Is there a Development of "Average Algebra"?

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Hi All, wondering if this below has been developed already:
There is a context in which adding fractions by the rule : a/b + c/d = (a+c)/(b+d) : say we are considering

the grade in a course where a lot of exams are administered, and the total is considered over, say 1000. Then, if we get 90/100 in one quiz and 47/50 , the total average so far is given by (90+47)/(100+50) , not the standard way of adding fractions. Just curious if there is some known structure in Mathematics using this as an operation.
Thanks.
 

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Given this rule we get a/b + a/b = (a+a)/(b+b) = 2a/2b = a/b which isn't possible for a ≠ 0. One has to build a whole new arithmetic and I doubt that this can be done without contradictions.
 
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Given this rule we get a/b + a/b = (a+a)/(b+b) = 2a/2b = a/b which isn't possible for a ≠ 0. One has to build a whole new arithmetic and I doubt that this can be done without contradictions.
But you don't necessarily simplify by common factors here, because you lose information. This property would tell you that the average of two of the same ratio is the ratio. If you have 15/20 in an exam, this is not quite the same as 3/4. So we could define a/b -c/d as (a-b)/(c-d). But yes, this simplification issue needs to be addressed.

Interestingly, I think 0 here would be 0/0 : 0 successes in 0 trials means that the success ratio has not changed. Then 0/0 makes sense in this context, but a/0 for a>0 does not. I don't have the whole thing figured out yet, clearly.
 
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But you don't necessarily simplify by common factors here, because you lose information. This property would tell you that the average of two of the same ratio is the ratio.
But this is essentially what the ordinary arithmetic mean does: ## \frac{\frac{a}{b} + \frac{a}{b}}{2} = \frac{a}{b}##

One certainly has to begin at the start: which elements are considered, which operations with which rules are allowed. I think a neutral notation like a circle instead of the plus sign would help to distinguish between known operations in ℚ and the new one, for otherwise there will be too much confusion. E.g. algebras are defined in every thinkable way. I have to look it up but in genetics they use some funny algebras, multiplication rules, resp. These might come close to your rule.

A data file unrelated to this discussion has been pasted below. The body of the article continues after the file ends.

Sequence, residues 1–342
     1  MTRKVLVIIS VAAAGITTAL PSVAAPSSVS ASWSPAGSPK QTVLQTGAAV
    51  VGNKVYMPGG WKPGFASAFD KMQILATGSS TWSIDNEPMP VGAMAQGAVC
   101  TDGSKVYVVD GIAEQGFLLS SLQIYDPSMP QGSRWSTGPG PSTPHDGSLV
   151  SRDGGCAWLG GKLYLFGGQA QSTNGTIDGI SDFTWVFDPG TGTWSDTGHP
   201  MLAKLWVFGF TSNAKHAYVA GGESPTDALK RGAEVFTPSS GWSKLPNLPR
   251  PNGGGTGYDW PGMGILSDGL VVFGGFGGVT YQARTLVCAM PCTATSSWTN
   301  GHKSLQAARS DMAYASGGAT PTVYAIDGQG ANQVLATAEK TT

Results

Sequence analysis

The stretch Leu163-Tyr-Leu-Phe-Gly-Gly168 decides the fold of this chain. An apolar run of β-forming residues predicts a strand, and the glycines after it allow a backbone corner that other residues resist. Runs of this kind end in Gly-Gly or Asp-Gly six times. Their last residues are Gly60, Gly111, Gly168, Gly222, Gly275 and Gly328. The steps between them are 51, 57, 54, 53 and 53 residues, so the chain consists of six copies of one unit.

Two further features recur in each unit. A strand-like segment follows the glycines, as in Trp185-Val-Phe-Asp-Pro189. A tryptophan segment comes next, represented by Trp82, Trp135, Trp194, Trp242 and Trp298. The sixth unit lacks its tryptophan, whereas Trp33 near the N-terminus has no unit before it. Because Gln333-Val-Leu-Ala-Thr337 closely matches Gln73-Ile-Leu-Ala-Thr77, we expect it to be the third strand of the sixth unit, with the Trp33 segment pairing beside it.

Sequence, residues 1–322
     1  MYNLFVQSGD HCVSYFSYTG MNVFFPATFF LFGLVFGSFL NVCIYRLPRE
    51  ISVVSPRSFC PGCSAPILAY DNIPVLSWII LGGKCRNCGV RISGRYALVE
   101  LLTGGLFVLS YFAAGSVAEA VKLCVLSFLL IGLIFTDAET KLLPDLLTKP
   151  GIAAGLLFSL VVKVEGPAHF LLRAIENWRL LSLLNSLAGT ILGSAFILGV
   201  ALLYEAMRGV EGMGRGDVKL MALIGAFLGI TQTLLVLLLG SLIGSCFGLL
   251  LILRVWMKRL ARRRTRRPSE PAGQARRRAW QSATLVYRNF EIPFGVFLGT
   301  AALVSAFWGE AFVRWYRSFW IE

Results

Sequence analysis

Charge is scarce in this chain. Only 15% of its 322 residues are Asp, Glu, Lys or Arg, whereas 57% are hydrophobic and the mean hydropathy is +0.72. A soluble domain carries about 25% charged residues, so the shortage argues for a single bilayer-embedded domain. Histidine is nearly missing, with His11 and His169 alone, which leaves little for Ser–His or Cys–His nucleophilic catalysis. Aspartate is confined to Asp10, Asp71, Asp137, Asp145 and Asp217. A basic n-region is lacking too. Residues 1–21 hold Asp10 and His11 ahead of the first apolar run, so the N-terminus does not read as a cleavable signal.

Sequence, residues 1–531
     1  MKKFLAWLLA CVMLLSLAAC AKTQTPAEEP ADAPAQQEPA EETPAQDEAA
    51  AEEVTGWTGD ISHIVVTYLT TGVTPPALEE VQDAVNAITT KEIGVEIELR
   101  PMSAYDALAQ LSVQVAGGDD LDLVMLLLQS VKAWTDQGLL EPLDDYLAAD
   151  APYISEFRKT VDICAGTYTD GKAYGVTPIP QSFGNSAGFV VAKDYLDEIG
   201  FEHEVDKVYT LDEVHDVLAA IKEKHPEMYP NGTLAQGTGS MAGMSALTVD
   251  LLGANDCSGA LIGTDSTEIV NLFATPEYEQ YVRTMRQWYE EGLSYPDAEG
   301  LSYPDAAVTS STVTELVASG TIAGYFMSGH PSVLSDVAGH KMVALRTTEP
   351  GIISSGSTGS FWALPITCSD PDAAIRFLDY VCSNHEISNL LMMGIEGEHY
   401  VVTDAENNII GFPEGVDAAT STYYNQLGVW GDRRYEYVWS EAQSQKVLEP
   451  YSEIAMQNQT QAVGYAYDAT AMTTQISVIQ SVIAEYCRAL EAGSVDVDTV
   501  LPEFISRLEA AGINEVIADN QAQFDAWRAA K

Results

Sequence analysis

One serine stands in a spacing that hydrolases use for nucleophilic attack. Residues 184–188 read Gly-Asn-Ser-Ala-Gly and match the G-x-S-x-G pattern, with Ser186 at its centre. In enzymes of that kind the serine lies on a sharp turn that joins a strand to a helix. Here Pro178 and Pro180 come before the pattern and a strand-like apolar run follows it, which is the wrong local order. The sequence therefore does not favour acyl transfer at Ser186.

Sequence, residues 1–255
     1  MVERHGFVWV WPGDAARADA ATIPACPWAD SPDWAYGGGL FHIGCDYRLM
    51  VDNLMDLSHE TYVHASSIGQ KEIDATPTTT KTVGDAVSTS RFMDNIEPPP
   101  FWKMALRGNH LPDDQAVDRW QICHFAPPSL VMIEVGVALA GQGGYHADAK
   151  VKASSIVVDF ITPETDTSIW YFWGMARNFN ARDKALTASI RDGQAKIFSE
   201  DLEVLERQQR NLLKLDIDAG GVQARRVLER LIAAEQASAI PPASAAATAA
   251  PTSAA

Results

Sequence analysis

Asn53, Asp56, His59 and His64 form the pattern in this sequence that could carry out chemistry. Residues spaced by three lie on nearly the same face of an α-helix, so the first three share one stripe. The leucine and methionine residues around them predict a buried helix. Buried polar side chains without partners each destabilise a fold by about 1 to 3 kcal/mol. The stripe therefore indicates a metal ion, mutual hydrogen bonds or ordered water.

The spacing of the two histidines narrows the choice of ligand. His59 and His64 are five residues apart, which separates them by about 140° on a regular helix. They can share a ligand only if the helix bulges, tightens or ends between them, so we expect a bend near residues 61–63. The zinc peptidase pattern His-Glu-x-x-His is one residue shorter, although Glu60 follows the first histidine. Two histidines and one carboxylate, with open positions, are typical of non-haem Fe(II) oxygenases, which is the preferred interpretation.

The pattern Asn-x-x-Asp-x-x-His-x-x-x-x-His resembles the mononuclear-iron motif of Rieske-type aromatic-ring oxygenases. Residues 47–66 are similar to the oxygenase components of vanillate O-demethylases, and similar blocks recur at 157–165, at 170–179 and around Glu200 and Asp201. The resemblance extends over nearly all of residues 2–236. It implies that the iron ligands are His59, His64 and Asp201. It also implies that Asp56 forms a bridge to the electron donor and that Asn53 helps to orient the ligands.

(I once met some analysts who (seriously) wanted to apply your rule on their index calculations based on market capitalization.)
 
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Numberphile has actually made a video on this

 
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Hi All, wondering if this below has been developed already:
There is a context in which adding fractions by the rule : a/b + c/d = (a+c)/(b+d) : say we are considering

the grade in a course where a lot of exams are administered, and the total is considered over, say 1000. Then, if we get 90/100 in one quiz and 47/50 , the total average so far is given by (90+47)/(100+50) , not the standard way of adding fractions. Just curious if there is some known structure in Mathematics using this as an operation.
Thanks.
Another context is "baseball arithmetic." A player who has 3 hits for 5 times at bat in one game has a batting average for that game of 3/5 (normally presented as .600). If he gets 1 hit out of 4 "at bats" in the next game (1/4 or .250), his average for the two games is 4/9 (= .444), calculated as ##\frac{3 + 1}{5 + 4}##.
 
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Just curious if there is some known structure in Mathematics using this as an operation.
Thanks.
It's called the mediant of two rational numbers. But it is not monotonic leading to the Simpson[/PLAIN] [Broken] paradox: we can find ##\frac{a}{b} < \frac{A}{B}## and ##\frac{c}{d} < \frac{C}{D}## but ##\frac{a+c}{b+d} > \frac{A+C}{B+D}##.
 
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Another context is "baseball arithmetic." A player who has 3 hits for 5 times at bat in one game has a batting average for that game of 3/5 (normally presented as .600). If he gets 1 hit out of 4 "at bats" in the next game (1/4 or .250), his average for the two games is 4/9 (= .444), calculated as ##\frac{3 + 1}{5 + 4}##.
Yes, thank you, I was thinking scoring % in basketball, but same thing here. In some sense, 20/30 would simplify to 2/3, but not always, not necessarily: having 2 hits in 3 at bats is not the same as having 20 hits in 30 at bats.
 

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